Women and families value the support that is provided by peer groups. This was identified in the final recommendations of the Public Health North East social marketing benchmarking research.


Women also highlight that embarrassment is a large part of choosing not to breastfeed and not knowing where would be “safe” to breastfeed when in public.

 

Last updated: 02/12/15

10. What additional needs assessment is required?

Audit of practice in care settings in relation to identifying malnutrition and processes used when malnutrition is identified.

Further insight into the poor uptake, awareness and promotion of Healthy Start vitamins, particularly in relation to vitamin D intake in the BME community.

Further insight into the availability of fast food take-away shops and shops selling affordable, healthy food in Redcar & Cleveland particularly in relation to schools and wards (food mapping).

An analysis of training needs for those working in care settings and for frontline staff.

Needs analysis to determine the level of breastfeeding services that might be required locally and to calculate the cost of commissioning breastfeeding services by:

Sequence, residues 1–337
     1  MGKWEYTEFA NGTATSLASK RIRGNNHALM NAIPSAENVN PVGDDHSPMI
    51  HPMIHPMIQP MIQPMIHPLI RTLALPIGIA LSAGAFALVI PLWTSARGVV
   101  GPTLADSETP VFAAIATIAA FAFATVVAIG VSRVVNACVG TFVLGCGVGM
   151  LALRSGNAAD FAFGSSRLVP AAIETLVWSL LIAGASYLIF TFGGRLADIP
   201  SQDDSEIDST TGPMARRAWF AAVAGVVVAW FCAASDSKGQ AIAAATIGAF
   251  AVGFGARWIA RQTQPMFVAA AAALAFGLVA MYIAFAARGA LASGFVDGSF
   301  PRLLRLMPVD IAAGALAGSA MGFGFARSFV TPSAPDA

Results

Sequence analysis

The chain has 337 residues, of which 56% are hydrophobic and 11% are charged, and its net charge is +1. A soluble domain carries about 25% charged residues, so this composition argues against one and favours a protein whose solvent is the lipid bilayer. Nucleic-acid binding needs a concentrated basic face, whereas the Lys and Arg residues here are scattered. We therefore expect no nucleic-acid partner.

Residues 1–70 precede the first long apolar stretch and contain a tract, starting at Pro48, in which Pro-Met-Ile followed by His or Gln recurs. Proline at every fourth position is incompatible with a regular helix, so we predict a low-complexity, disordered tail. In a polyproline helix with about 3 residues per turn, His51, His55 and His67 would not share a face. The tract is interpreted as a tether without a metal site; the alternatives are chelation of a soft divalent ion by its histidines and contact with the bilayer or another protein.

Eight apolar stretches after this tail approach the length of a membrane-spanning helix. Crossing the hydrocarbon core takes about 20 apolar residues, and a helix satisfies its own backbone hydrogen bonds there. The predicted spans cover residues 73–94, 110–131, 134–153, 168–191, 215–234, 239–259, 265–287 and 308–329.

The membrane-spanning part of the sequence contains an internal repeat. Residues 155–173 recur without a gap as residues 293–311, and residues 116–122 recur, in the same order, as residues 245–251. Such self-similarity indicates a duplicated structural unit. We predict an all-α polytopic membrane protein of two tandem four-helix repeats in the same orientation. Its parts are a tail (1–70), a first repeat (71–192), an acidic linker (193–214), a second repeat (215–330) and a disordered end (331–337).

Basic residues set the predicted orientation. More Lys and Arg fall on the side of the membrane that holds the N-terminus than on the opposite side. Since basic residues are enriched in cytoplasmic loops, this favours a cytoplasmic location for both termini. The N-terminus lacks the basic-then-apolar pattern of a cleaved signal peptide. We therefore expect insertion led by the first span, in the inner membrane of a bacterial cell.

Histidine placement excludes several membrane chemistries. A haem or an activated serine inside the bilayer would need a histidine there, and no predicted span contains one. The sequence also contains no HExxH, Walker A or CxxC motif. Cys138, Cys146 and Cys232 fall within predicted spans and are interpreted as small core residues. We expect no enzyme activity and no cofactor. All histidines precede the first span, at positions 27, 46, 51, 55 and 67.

• identifying indicative local service requirements;
  • reviewing current commissioned activity;
  • identifying future change in capacity required; and
  • modelling future commissioning intentions and associated costs.

Develop a better understanding of local beliefs and attitudes to diet and nutrition and use this insight to commission culturally appropriate interventions aimed at improving diet and nutrition in target populations.

Last updated: 02/12/15

Key Contact

Name: Scott Lloyd

Job Title: Health Improvement Specialist

e-mail: scott.lloyd@redcar-cleveland.gov.uk

phone: 01642 771642

 

References

National strategies and documents